Attawapiskat’s Bad Habits

Attawapiskat First Nation — an isolated Northern Ontario reserve — played a prominent role in the Idle No More indigenous protest movement that erupted in 2012. Then Attawapiskat Chief Theresa […]
Published on March 23, 2017

Attawapiskat First Nation — an isolated Northern Ontario reserve — played a prominent role in the Idle No More indigenous protest movement that erupted in 2012. Then Attawapiskat Chief Theresa Spence complained to the media about unacceptable housing conditions on her reserve. The movement was energized by Chief Spence’s decision to declare a hunger strike to raise awareness of the ongoing First Nation housing and infrastructure crises.

Attawapiskat’s band council was subjected to a government-commissioned audit in 2012 that found little proper documentation for millions of dollars spent by the band government.

Attawapiskat has largely fallen out of the news. But, a few weeks ago, diamond producer De Beers announced it was shelving plans for an expansion of a diamond mine located nearby. The company had planned to draw five or six more years of production from the mine. However, without Attawapiskat support, the company will not proceed.

During Idle No More, Attawapiskat leaders complained about the relationship between the community and De Beers, publicly criticizing its impact and benefits agreement as insufficient for community needs. However, the solution is to seek a better agreement, not to stop production at the mine.

Attawapiskat would certainly benefit from mine activity, which would help pay for much needed housing. The chief and band councilors are ignoring opportunities right under their noses. Attawapiskat is emblematic of so many First Nations that need the money and jobs that come with developing resource partnerships yet decline these opportunities.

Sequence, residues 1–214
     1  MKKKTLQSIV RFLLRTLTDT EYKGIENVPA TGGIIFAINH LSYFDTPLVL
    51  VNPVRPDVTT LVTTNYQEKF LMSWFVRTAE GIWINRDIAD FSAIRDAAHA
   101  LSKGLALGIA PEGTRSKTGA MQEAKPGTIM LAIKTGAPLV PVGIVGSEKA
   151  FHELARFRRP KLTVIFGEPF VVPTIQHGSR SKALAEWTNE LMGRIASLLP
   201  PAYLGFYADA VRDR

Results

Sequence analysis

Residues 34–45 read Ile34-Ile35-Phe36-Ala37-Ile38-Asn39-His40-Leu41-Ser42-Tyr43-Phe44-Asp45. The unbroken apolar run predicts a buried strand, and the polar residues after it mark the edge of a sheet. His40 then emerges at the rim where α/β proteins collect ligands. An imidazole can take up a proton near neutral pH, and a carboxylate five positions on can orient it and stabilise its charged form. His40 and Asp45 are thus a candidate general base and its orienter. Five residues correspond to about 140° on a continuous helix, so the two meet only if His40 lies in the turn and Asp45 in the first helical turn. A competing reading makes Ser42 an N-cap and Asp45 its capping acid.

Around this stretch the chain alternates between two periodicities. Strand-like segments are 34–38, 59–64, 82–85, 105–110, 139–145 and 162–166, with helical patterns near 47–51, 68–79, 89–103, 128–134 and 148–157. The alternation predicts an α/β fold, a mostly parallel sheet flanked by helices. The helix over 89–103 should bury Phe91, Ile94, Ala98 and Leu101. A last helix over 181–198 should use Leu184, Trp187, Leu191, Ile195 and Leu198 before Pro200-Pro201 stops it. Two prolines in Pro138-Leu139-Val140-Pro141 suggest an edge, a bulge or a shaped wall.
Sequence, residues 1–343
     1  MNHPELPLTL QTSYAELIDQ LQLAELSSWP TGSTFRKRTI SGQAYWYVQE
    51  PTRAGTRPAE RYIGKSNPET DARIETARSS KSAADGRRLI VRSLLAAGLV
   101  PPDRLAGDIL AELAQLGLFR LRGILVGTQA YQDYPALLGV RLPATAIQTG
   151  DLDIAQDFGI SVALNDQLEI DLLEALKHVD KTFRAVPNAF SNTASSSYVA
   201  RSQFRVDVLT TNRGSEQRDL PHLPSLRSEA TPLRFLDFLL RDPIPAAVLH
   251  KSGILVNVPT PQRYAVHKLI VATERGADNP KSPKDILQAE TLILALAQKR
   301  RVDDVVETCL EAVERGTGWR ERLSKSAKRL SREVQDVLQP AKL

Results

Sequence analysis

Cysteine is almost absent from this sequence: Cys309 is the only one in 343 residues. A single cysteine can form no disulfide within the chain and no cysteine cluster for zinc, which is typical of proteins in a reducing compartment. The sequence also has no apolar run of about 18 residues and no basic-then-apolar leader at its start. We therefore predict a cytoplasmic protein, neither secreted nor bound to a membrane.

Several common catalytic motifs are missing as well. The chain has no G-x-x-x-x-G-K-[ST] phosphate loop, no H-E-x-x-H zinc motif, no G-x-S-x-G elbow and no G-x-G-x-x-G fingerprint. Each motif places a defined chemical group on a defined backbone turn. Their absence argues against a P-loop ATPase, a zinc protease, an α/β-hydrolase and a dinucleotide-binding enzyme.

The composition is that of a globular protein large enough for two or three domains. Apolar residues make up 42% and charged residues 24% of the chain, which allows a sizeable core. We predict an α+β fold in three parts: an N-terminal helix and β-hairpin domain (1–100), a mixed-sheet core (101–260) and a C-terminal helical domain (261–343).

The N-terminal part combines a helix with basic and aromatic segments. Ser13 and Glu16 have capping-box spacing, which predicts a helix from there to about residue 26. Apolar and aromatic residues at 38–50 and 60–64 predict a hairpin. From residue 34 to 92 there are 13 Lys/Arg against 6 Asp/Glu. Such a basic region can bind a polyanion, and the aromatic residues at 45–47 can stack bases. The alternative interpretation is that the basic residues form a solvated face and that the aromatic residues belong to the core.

Legally, De Beers does not need Attawapiskat’s consent to continue mining the deposit; it only needs to consult and accommodate the nation residents to the degree it can. But the company is not interested in the heartache of continual protests from community members, so it is insisting on its consent before moving forward with the project.

In 2016, the Frontier Centre for Public Policy released a study that looked at the seven habits or governance principles that lead to highly effective First Nations. It evaluated some of the top First Nations in Canada and determined what defined their success. In its dealings with De Beers, Attawapiskat is ignoring these habits. Attawapiskat is, like so many other Indigenous communities, ignoring partnership opportunities and adopting bad habits of governance and employment opportunities.

Attawapiskat is a community located in a northern and remote region, so it lacks many advantages of more urban-located First Nations. However, many of these habits still apply.

The first principle is to recognize and take advantage of the economic potentials available to the community. Located near mineral resources, Attawapiskat must tap into that economic engine to provide jobs and opportunities for its people.

“There is no single path to progress except to make use of whatever advantages are available,” said the study authors. Over the years, De Beers has signed hundreds of millions of dollars in business contracts with the community. The company also funded a community training centre and has established a trust fund for band members. If Attawpiskat doesn’t approve this mine expansion and build on existing business relationships, it is squandering its existing opportunities.

The community is ignoring two other principles defining effective First Nations: being flexible and co-operating with others. Like it or not, Attawapiskat’s future lies in successful co-operation with non-aboriginal resource companies.

Lastly, the band government must also heed the other principles: Respect transformative leadership and run a businesslike government. Resource companies are more likely to work with transparent and accountable band governments.

Attawapiskat should serve as a lesson for all Indigenous communities that are adopting bad habits of governance and ignoring opportunities that could deal with housing and other infrastructure crises facing First Nations. Like all indigenous communities, it needs transformational leaders who will take advantage of their existing assets and work in partnership with others.

Joseph Quesnel is a Research Associate with the Frontier Centre for Public Policy.


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